The Myth Of The Cranberry

People want a simple strategy to prevent women living in nursing homes from getting sick with UTIs.
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<p>Cranberry Capsules</p>

Cranberry Capsules

I sat at the bedside of my patient, Mrs. C., a frail and debilitated woman in her late 80s. She was hospitalized for the fourth time this year for urinary tract infections, known as UTIs. Mrs. C’s daughter told me that she started taking cranberry capsules herself to prevent UTIs. She asked: Would it help my Mom to take cranberry juice or capsules too?

I’ve been asked this question many times by family members of older women. Four years ago, my colleagues and I started a clinical trial to answer it.

Over 4 million Americans, mostly women, are admitted to or live in nursing homes each year. Up to 70 percent receive antibiotics annually, most commonly for UTIs. Incontinence and disability predispose these women to developing UTIs. A UTI diagnosis leads to multiple rounds of antibiotics, side effects, and hospitalizations. People are desperate to find something simple and harmless to interrupt this cascade of events. Often, they turn to cranberry products.

Are cranberries really a health powerhouse, or are the healing powers of cranberries just a myth? Native Americans used cranberries for thousands of years before early settlers used them to prevent vitamin C deficiency. Since the early 1900s, Americans have used cranberries as a folk treatment for UTIs. A key cranberry ingredient, proanthocyanidin, or PAC, prevents the common E.coli from attaching to the bladder wall. A 1994 Harvard study showed that older women who drank 10 ounces of cranberry juice with 36mg of PAC had less bacteria in their urine compared to placebo. Since then, the availability of cranberry products in the U.S. market has substantially grown. There are food products but also products promoted for urinary health, including capsules, tablets, and powders. Some are even promoted for pet health.

Studies of cranberry juice have been ongoing for over 20 years, but few have had promising results. In 2011, 16 ounces of cranberry juice did not prevent a second UTI in a study among healthy college women, and a subsequent Cochrane Review concluded that cranberry juice does not prevent UTIs. Some have suggested that cranberry and placebo drinks provided equivalent hydration, making them equally effective. For older women with incontinence and problems with frequent urination, drinking at least 10 ounces of cranberry juice daily is problematic. Additionally, many don’t like the flavor or sugar load. Cranberry capsules represent an appealing alternative.

In 2012, my colleagues and I started a study to test two cranberry capsules, with a total of 72mg of PAC, on the presence of bacteria in the urine of older women (mean age, 86.4 years) living in nursing homes. One hundred eighty-five women living in 21 nursing homes were randomized to receive two cranberry or two placebo capsules and were followed for one year. We published the results of this trial this past week in JAMA, and it has been widely reported to date. Cranberry capsules did not work, even with this high PAC content. Not only did they not prevent bacteria in the urine, they also did not have an impact on number of hospitalizations, mortality, antimicrobial use, or presence of multi-drug resistant bugs.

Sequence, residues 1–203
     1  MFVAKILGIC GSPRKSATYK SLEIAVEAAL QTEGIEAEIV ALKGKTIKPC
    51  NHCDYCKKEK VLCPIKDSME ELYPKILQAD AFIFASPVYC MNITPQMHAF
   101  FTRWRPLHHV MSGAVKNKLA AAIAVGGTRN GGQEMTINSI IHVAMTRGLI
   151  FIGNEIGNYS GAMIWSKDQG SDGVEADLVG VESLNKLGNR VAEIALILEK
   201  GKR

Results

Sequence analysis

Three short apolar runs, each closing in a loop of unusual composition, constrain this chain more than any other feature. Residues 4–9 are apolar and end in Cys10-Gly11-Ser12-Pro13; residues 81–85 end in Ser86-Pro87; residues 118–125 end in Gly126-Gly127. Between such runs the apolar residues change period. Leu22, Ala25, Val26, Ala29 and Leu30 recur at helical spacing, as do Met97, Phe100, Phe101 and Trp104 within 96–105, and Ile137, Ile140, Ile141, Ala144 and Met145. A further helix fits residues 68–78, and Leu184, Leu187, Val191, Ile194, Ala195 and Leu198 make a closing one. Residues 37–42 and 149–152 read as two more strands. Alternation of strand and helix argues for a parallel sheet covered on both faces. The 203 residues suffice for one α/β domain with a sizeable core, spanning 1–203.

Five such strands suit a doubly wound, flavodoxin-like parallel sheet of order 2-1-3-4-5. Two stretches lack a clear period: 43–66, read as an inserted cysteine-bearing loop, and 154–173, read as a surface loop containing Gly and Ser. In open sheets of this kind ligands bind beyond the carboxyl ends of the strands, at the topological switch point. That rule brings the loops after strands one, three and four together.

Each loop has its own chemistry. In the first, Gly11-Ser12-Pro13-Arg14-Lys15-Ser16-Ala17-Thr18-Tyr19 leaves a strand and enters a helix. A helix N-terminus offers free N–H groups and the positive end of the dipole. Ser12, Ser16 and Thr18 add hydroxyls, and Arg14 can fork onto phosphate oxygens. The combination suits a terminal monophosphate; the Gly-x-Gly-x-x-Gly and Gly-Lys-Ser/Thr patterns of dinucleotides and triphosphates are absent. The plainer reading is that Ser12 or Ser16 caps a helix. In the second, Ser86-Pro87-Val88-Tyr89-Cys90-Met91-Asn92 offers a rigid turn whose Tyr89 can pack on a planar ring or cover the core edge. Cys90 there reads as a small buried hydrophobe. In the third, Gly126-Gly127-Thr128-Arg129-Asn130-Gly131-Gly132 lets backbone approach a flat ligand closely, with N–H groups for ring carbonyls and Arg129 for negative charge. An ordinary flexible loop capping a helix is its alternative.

To be sure, there are many women who swear by their cranberry product of choice. These women, including Mrs. C’s daughter, genuinely feel that capsules result in fewer UTIs. In fairness, we did not test these capsules in younger women with a history of recurrent UTI so we don’t know if they work in that population. Notably, Mrs. C’s daughter also drinks several glasses of water per day, as instructed by the cranberry capsule manufacturer. To all these women, I say, keep doing what works for you. For those that enjoy eating cranberry products or drinking cranberry juice, there seems to be no harm and there may be other antioxidant benefits. But for older women on fixed incomes, dishing out hundreds of dollars per month for a product with questionable urinary health benefit can be costly, up to $200 per month.

So what do I say to all patients and family members that contact me about their loved ones’ urinary health? First, stay hydrated. Drink at least several glasses of water a day. Flushing the urinary system is an easy and low tech intervention that keeps bacteria flowing out of the body. Second, if you suffer from incontinence, try to stay dry. Third, don’t blame every change in health status on a UTI. Bacteria are often in the urine of older women, but it isn’t always a UTI. If we keep checking the urine for bacteria, we often find some, but treatment may not change overall health.

People want a simple strategy to prevent women living in nursing homes from getting sick with UTIs. Unfortunately, for Mrs. C and others like her, cranberry capsules do not appear to be the answer.

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